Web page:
The centenary of the Battle of the Somme recalls the futility of war, writes Ryle Dwyer
Today marks the centenary of the start of the Battle of the Somme, which extended over four and a half months and left battle scars that have been felt ever since.
It was part of the First World War, the so-called Great War, which had begun in August 1914. It has never received the coverage that it deserves in this country.
This is not to suggest that the Battle of the Somme, or the First World War, should ever have been celebrated, but if they are forgotten it will be at society’s peril.
More than 40,000 Irishmen died in the First World War, and over 3,500 of those died in the Battle of the Somme, which was probably the most savage and futile battle of the whole conflict.
As the war developed into a stalemate, British and French military leaders decided to launch an offensive near the River Somme in the expectation that a major victory would ultimately end the war, and thus save further carnage.
They began an artillery bombardment of the German frontline in the area on June 24 and kept this up until moments before the assault was due to begin seven days later.
In the wake of the bombardment, the Allied planners confidently expected little German resistance. Hence, when the 100,000 Allied troops emerged from their trenches and moved on a 23km stretch of the German frontline at 7.30am on July 1, they were ordered to walk across No Man’s Land in straight lines, only to be confronted by merciless German machine-gun fire. Most never even reached the German line. There were heavy Allied casualties before the assault was halted around noon.
The men of the 36th (Ulster) Division played a major role in the fighting on July 1, 1916. They were among the few units to reach their objective.
They began their advance at 7.10am in small groups while the artillery bombardment was still in progress.
They managed to penetrate the German line and reach into rear positions, taking some 500 prisoners, but due to the failure of flanking divisions to keep pace, the 36th Division had to abandon the ground gained the next day. In the process it suffered 5,500 casualties — 2,069 of whom were killed.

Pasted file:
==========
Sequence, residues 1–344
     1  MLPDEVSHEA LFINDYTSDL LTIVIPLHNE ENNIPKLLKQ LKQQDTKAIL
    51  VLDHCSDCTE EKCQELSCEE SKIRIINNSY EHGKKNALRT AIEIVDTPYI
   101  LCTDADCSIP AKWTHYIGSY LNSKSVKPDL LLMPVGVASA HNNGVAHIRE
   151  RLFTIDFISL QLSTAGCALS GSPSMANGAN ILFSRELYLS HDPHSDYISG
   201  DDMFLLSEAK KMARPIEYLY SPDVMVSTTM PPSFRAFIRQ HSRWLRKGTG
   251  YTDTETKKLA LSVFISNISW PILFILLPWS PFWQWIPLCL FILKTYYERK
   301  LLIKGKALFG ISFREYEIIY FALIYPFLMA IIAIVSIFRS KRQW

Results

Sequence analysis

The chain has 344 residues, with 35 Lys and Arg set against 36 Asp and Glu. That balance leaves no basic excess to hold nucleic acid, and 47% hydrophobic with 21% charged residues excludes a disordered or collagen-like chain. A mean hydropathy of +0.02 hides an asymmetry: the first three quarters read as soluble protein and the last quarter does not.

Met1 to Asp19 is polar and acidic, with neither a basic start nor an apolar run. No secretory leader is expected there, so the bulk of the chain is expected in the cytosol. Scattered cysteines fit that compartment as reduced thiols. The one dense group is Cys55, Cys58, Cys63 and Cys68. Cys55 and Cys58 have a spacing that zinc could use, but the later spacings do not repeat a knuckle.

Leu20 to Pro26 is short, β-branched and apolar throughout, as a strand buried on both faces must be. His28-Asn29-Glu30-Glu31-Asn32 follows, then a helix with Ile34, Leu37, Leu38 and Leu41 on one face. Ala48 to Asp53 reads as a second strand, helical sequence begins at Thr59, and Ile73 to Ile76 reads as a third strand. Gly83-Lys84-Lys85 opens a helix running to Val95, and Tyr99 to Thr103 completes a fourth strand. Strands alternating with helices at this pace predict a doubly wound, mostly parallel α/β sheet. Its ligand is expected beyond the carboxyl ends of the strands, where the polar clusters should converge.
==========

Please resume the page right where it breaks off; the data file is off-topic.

The division was largely recruited from the unionist community throughout what later became Northern Ireland, where those who fought have been enthusiastically celebrated as having fought for the preservation of the UK. The annual Orange parade at Drumcree, Co Armagh, actually commemorates the first day of the Battle of the Somme.
Irishmen from outside Ulster were also killed that day, but they were seldom commemorated. The 1st Royal Irish Fusiliers captured the position called the Quadrilateral on the first day, but, like the 36th Division, it had to abandon its gain due to the failure of the flanking units to keep pace.
Of the 503 men of the 2nd Royal Dublin Fusiliers engaged in the assault that day, there were 325 casualties.
Official British casualties that day were 57,470 soldiers, killed, wounded, or taken prisoner, which amounted to almost half those who went into battle. The death toll was 19,240; German losses were estimated at 8,000.
The Battle of the Somme developed into a conflict of attrition. The 1st battalion of the Royal Munster Fusiliers, and the 7th battalion of the Royal Irish Rifles were heavily involved in further Allied assaults in September but little ground was gained during the whole Battle of the Somme, which extended from July 1 to November 24, 1916, a total of 147 days.
In that whole time the Allied forces only managed to advance a total of 9.6km, while suffering 419,654 casualties in the process. It was estimated that 40 men were killed for every yard gained.
The public attitude towards the war had already changed dramatically in Ireland following the Easter Rebellion, and the ensuing executions. The families of 24 of the 38 Irish Guards killed on the first day of the Battle of the Somme, for instance, refused to furnish the Commonwealth War Grave Commission with personal details of those men killed.
While the Unionist victims of the Somme were celebrated, the nationalist Irish were buried in unmarked graves, and only commemorated with names on the Thiepval Monument — a memorial to 72,195 Allied soldiers who had no known graves after being killed in the Battle of the Somme. We should be mindful of what happened as a grim reminder of the futility of war.
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